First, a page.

The dry Rhine is putting industry in difficulty throughout Europe

The dry Rhine is putting industry in difficulty throughout Europe

Weeks of drought have turned many of Europe's major waterways into streams, damaging the German industry and energy sector which rely on shipments to send and receive materials. In particular, the water level of the Rhine could drop to a critical point in the coming days, making it nearly impossible to use the river to transport goods such as coal and petrol.

The whole European Union is grappling with the effects of the climate crisis, with increasingly long and intense periods of drought, reductions in watercourses and increasingly severe and frequent heat waves. In addition to the damage to the agricultural sector, low water levels also represent a problem for German industry, where, according to Capital Economics, the transport of goods by rivers is of greater importance than in other countries. Western Europe.

The German authorities predict that the water level of the Rhine, in the Kaub bottleneck, will drop below the 40 centimeter threshold at the beginning of Friday 12 August 2022 and will continue to decrease during the end week . Although the level is still above the all-time low of 27 centimeters recorded in October 2018, many large ships may find it difficult to safely cross the river at that point, located roughly in the middle of the Rhine between Koblenz and Mainz.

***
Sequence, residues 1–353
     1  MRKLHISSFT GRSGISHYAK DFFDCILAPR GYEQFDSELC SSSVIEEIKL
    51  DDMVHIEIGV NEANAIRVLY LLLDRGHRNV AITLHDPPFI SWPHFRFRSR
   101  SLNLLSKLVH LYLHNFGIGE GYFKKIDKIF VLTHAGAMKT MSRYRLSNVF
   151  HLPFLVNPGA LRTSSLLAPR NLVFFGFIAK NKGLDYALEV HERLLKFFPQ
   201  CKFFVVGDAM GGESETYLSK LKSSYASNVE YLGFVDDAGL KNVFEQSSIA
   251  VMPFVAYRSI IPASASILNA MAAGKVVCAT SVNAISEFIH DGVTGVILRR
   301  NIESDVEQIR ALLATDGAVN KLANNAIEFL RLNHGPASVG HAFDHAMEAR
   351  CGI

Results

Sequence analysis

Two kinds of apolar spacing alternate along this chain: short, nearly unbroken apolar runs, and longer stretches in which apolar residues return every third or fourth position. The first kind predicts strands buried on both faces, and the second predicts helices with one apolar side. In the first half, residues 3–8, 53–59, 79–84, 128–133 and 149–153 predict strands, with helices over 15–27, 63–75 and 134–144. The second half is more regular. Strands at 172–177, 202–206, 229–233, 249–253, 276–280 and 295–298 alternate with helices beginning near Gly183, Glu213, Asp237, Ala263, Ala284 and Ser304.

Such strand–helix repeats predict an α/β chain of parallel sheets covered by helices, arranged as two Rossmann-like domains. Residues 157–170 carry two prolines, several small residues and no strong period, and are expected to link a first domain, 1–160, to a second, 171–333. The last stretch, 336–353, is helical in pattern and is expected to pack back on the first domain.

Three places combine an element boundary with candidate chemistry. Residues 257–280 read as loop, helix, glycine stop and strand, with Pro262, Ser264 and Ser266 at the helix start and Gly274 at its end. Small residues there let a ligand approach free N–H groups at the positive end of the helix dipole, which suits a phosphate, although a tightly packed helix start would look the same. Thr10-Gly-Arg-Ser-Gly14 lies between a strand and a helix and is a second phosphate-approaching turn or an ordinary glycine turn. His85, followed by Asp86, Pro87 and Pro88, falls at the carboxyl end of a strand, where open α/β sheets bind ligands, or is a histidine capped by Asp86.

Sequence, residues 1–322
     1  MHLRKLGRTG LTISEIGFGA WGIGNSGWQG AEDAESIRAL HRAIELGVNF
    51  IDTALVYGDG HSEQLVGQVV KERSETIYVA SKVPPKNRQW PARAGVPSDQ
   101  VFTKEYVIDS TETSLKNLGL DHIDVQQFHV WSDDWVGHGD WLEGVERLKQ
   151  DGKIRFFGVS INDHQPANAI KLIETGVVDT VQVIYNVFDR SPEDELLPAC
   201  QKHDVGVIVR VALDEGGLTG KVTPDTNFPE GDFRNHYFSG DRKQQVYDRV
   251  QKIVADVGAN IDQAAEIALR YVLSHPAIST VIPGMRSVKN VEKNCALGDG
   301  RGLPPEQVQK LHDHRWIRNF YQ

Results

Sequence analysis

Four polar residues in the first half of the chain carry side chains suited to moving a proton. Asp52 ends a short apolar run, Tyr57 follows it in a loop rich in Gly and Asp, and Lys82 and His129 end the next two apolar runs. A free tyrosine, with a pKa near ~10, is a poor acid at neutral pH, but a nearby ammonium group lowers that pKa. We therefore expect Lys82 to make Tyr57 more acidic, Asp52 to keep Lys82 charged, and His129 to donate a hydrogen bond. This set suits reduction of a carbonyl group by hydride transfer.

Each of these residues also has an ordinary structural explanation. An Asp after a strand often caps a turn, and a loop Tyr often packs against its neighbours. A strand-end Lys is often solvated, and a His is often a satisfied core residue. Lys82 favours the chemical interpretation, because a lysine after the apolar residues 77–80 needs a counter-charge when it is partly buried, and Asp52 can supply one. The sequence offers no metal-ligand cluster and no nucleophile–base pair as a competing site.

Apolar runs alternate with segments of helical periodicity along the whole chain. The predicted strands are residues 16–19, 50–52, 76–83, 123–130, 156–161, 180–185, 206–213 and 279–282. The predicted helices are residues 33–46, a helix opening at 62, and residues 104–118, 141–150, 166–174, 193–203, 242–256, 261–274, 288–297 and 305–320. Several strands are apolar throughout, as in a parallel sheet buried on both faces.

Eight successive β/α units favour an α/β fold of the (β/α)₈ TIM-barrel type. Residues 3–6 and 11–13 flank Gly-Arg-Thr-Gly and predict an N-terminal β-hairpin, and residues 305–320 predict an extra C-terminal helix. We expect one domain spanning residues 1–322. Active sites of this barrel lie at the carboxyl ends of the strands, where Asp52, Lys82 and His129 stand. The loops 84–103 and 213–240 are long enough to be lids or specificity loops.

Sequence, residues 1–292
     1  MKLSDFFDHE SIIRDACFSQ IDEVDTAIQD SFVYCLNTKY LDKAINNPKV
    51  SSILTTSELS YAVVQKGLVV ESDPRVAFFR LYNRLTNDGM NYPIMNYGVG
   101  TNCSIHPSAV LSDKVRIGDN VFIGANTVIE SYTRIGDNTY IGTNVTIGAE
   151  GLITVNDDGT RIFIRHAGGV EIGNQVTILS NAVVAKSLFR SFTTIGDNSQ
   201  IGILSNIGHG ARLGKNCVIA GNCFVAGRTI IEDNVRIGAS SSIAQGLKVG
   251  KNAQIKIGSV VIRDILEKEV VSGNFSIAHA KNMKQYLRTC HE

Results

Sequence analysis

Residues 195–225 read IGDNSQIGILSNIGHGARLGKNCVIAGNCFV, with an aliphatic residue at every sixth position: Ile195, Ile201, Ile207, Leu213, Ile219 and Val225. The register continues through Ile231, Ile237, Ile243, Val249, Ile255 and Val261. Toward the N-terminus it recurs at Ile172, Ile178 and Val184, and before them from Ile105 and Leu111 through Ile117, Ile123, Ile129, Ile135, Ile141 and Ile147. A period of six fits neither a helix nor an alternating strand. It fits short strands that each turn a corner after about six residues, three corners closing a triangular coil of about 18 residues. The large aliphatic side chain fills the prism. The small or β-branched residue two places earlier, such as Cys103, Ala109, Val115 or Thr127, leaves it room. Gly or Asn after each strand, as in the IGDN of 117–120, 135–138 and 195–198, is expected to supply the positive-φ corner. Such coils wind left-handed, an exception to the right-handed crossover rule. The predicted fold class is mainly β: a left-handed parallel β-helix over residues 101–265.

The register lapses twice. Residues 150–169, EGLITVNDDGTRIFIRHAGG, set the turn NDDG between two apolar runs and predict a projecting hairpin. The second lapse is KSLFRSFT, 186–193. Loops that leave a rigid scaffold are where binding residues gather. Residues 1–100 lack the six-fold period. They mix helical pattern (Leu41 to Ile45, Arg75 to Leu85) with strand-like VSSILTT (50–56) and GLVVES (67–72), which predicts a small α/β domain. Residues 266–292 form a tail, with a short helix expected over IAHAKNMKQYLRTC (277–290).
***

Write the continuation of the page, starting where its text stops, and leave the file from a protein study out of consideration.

"We hope that shipping by ship will not be interrupted, but already in 2018 we experienced a similar situation and, due to the drought, the ships were no longer able to go up the Rhine for many weeks," he told the Associated. Press Christian Lorenz, spokesman for the German logistics company HGK. Authorities are already taking steps to address a possible outage by moving more freight traffic on the rail network and getting ready to move all river traffic to rail.

However, these operations are very expensive and will take a long time to become fully operational, Andrew Kenningham, chief economist for Europe at Capital Economics, told The Associated Press. Therefore, the Rhine woes could help curb German and European economic growth if they persist into December, further increasing inflation and lowering industrial production slightly, Kenningham continued.